Needles Over Narcotics – Acupuncture Needles, That Is!

There has been much in the press of late regarding the “Opioid Crisis”. The addiction rate to opioids is skyrocketing at such an alarming rate that it deserves the attention it is getting and more. According to the NIH and National Institute on Drug Abuse, “Opioids are a class of drugs that include the illegal drug heroin, synthetic opioids such as fentanyl, and pain relievers available legally by prescription, such as oxycodone (OxyContin®), hydrocodone (Vicodin®), codeine, morphine, and many others.” Because of the euphoric feeling commonly associated with these pain killers, they are easy to get addicted to. This addiction leads to accidental overdose, and even death. But what else can you do for pain?

Acupuncture! Research on acupuncture shows consistently that it is a viable choice for reducing pain, instead of taking heavy drugs. Although acupuncture has only been in the United States since 1971, it dates back thousands of years. It has really withstood the test of time! As old as it is, we are just now beginning to understand how it works. Most of the attention has been on its effect on pain.

Acupuncture triggers the body’s natural opioids (i.e. Endorphins) and other neuro-hormones. Acupuncture also works by activating the body’s own innate self-healing systems. We understand quite well how it works on several of these systems, others are still minimally understood, but acknowledged that it works. An advocate of using acupuncture to help reduce the opioid issues, Houman Danesh, MD, Director of Integrative Pain Management at New York’s Mount Sinai Hospital says “Acupuncture has good evidence [supporting it]. Just because we can’t necessarily explain it down to the molecular level doesn’t mean we need to abandon it.”

Acupuncture is considered a “simple, non-pharmacological way to manage pain” according to Mary Stoker-Smith, a reporter for Fox 6 News Milwaukee. They did a story on a hospital, Aurora West Allis Medical Center, where acupuncture is being used in the Emergency Department to help with pain management. As part of their concern over the opioid issues, and recognizing the effectiveness of acupuncture, they have, for just under 2 years been offering acupuncture in the Emergency Room to patients in pain. They say that half of those offered acupuncture are accepting the treatment in the ER. The program has been going well.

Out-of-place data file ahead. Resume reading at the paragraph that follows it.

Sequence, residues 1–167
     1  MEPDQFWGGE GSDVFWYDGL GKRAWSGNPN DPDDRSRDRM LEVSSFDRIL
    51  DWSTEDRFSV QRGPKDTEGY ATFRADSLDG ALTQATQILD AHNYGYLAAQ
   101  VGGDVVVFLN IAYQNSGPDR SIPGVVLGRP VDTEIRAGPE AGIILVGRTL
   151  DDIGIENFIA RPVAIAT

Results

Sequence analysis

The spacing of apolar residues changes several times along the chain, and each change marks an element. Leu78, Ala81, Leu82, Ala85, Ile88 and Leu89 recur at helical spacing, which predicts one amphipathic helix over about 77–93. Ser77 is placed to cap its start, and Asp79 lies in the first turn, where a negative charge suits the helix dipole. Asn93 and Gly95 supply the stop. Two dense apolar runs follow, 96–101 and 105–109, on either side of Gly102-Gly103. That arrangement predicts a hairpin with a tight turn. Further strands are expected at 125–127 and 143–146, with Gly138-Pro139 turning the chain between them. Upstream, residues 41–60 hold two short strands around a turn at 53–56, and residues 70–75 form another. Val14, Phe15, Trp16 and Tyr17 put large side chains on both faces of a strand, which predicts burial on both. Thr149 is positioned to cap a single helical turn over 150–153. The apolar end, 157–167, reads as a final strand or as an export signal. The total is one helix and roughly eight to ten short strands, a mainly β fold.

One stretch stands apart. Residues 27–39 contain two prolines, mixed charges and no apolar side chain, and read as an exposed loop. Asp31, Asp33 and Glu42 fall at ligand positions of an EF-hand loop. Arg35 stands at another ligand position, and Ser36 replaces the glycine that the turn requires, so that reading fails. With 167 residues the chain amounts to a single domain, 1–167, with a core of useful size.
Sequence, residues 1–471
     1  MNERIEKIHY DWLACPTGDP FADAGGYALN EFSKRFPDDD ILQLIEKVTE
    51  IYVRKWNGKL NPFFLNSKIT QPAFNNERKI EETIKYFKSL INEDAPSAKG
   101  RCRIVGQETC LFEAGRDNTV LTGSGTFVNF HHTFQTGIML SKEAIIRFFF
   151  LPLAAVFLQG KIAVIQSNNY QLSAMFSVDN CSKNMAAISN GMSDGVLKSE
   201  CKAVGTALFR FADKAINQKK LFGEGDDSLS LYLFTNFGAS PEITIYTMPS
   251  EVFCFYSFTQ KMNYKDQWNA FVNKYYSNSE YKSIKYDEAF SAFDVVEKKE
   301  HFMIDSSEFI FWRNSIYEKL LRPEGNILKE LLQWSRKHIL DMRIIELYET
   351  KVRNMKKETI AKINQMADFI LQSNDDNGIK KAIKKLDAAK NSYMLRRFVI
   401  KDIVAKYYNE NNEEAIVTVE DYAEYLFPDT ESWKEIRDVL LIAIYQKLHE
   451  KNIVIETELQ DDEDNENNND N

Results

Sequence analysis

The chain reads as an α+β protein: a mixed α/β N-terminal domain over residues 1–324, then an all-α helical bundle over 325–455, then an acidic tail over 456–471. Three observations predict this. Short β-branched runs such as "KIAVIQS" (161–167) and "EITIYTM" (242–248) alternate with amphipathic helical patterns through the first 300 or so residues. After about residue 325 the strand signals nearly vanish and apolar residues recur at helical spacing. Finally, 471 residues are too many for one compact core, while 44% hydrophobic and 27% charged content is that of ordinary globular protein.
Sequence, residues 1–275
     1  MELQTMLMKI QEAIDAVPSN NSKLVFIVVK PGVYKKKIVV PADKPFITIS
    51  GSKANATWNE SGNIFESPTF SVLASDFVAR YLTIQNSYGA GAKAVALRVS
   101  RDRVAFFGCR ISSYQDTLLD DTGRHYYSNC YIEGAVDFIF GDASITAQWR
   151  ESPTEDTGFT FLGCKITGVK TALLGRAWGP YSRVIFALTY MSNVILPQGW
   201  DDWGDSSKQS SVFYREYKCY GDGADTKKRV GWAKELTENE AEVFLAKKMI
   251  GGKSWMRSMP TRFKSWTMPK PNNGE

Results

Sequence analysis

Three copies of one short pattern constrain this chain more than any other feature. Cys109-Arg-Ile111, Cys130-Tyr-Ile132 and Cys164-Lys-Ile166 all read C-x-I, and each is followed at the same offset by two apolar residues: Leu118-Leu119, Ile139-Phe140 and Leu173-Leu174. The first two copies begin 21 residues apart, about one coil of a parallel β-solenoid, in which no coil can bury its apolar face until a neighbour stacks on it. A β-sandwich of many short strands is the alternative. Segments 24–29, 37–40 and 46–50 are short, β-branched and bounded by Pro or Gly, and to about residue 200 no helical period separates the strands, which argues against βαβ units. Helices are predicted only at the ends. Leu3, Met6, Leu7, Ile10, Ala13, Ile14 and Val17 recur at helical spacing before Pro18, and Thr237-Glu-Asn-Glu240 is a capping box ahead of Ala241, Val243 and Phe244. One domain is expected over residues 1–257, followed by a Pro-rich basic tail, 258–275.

Many come to my practice looking for an alternative to opioids and are loving that the acupuncture is really helping their pain. I find few that really want to be on drugs. Most do whatever is necessary to not be dependent on drugs, especially narcotics.  Then they get a bonus – Acupuncturists rarely work on pain only. By treating the whole body, we take care of other things going awry at the same time. We work on the whole person, with a non-drug, healthy approach. Our patients are witness to how effective it is for them!

©2019 Holly A. Carling, O.M.D., L.Ac., Ph.D.

Dr. Holly Carling

Dr. Holly Carling

Dr. Holly Carling is a Doctor of Oriental Medicine, Licensed Acupuncturist, Doctor of Naturopathy, Clinical Nutritionist and Master Herbologist with nearly four decades of experience. Dr. Carling is a “Health Detective,” she looks beyond your symptom picture and investigates WHY you are experiencing your symptoms in the first place. Dr. Carling considers herself a “professional student” – she has attended more than 600 post-secondary education courses related to health and healing. Dr. Carling gives lectures here in the U.S. and internationally and has been noted as the “Doctor’s Doctor”. When other healthcare practitioners hit a roadblock when treating their patients nutritionally, Dr. Carling is who they call. Dr. Carling is currently accepting new patients and offers natural health care services and whole food nutritional supplements in her Coeur d’ Alene clinic.

Medical/Health Disclaimer:

The information provided in this article or podcast should not be construed as personal medical advice or instruction. No action should be taken based solely on the contents of this article or podcast. Readers/listeners should consult appropriate health professionals on any matter relating to their health and well-being. The information and opinions provided here are believed to be accurate and sound, based on the best judgment available to the author, but readers/listeners who fail to consult appropriate health authorities assume the risk of any injuries.

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